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Washington, United States
loves: you win if you guessed "pets" and "museums". Also books, art history, travel, British punk, Korean kimchi, bindis, martinis, and other things TBD. I will always make it very clear if a post is sponsored in any way. Drop me a line at thepetmuseum AT gmail.com !

Sunday, December 02, 2007

today I see "beowulf"

Yes, and it shall be 3-D-tastic, I am sure. But it led me to think about Vikings and what sorts of pets they had.
(Yes, I know Beowulf is actually Old English, but he was of Swedish extraction. Besides, I'm seeing it with a half-Swede and a Norwegian. Sort of a contact Viking high if you will.)

Someone has thoroughly trounced me in the research department on today's post. The Viking Answer Lady has every answer one could think possible on Vikings and their domesticated animals. For example:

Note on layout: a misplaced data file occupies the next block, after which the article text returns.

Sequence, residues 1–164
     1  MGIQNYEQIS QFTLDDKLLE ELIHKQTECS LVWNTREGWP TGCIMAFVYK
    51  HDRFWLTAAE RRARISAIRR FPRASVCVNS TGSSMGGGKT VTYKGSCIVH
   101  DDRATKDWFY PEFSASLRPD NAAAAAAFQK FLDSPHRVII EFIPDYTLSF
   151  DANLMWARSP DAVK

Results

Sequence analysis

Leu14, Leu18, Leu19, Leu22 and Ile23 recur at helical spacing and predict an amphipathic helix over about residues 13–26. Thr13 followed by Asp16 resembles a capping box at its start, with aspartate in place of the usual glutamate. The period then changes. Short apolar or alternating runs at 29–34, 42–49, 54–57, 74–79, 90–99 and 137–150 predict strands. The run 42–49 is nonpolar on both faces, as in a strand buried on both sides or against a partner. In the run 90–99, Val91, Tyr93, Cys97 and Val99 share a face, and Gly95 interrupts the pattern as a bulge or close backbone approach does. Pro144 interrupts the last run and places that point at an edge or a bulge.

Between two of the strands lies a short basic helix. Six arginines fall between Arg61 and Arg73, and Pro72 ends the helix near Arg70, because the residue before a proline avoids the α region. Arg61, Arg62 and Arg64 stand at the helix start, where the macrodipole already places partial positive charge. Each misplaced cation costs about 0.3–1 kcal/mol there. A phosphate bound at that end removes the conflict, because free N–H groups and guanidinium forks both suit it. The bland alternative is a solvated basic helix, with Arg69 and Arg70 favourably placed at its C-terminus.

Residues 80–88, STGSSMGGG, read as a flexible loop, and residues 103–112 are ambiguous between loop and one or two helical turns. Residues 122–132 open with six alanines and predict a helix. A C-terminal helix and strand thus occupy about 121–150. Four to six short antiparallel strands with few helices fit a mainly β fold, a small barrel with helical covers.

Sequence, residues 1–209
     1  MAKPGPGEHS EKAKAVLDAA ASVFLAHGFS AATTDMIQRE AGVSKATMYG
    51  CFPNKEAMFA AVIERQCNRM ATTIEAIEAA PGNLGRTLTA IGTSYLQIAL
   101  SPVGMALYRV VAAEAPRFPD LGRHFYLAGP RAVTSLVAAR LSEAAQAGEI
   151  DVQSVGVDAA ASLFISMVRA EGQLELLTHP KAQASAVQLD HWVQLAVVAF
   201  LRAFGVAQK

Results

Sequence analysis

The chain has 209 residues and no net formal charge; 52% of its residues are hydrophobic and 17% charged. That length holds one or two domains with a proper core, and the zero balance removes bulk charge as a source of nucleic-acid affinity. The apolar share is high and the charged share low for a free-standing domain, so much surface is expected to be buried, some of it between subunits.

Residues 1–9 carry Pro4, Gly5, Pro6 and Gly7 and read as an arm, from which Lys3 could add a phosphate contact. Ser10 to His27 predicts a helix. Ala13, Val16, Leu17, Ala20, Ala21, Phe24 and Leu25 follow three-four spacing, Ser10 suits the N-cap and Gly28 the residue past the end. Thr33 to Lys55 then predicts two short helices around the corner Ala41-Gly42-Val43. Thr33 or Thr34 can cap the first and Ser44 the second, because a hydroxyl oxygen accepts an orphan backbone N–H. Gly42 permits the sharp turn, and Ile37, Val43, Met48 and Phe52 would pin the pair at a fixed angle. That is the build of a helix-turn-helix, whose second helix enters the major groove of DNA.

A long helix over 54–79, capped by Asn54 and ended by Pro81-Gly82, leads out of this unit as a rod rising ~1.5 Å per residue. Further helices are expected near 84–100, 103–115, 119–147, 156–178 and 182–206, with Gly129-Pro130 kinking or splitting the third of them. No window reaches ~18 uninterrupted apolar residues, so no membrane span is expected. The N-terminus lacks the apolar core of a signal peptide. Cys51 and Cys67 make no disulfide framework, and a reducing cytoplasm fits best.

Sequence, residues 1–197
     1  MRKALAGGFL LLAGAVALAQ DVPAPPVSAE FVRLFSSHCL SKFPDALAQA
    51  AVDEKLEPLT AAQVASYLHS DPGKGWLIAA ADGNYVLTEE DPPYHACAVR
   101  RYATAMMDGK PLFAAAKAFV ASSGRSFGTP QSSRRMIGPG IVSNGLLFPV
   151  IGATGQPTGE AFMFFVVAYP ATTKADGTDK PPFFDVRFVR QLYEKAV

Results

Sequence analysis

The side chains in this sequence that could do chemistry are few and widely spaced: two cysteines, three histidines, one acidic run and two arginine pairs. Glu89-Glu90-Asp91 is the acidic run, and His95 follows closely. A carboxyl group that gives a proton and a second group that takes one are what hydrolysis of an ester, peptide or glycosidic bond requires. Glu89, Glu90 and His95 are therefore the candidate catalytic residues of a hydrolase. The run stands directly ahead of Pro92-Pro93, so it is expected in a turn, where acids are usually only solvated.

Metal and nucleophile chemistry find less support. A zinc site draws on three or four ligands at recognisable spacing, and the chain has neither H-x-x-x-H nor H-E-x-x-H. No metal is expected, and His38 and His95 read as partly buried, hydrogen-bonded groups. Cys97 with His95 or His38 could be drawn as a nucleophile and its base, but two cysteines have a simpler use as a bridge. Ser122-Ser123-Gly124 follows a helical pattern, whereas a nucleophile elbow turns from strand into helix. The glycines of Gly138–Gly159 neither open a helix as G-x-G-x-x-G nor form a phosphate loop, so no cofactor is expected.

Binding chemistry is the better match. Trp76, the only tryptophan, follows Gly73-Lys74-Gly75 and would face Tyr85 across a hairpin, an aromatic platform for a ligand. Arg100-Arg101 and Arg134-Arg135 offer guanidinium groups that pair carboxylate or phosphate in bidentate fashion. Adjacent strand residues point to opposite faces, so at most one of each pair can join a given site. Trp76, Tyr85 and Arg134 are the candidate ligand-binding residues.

In Scandinavian belief, the dog is the guardian of the underworld, and it
is speculated that one reason for including dogs in Viking Age burials was to
provide a guide for the deceased to lead them to the underworld.

Kittens were sometimes given to new brides as an essential part of setting
up a new household. It is especially appropriate that brides should receive
cats, since cats were associated with Freyja, the goddess of love.

The Norwegian Lundehund is the most ancient of the Nordic dog breeds. The
name Lundehund means "puffin-dog" after the dog's talent for hunting seabirds.

Polar bears (Ursus maritimus) were considered a noble gift for a king,
but brown bears (Ursus arctos) were widely domesticated, and were even
imported into Iceland as pets where they were known as "house bears."

In Iceland, the most common domestic animal was the sheep. The saying in
Iceland was, "A sheepless household starves."

1 comment:

Radcliff, Allie, Luna & Ozzie said...

Our first reaction is that we wouldn't get much sleep in a place with a "house bear". :-)

Let us know what you thought of the movie, OK?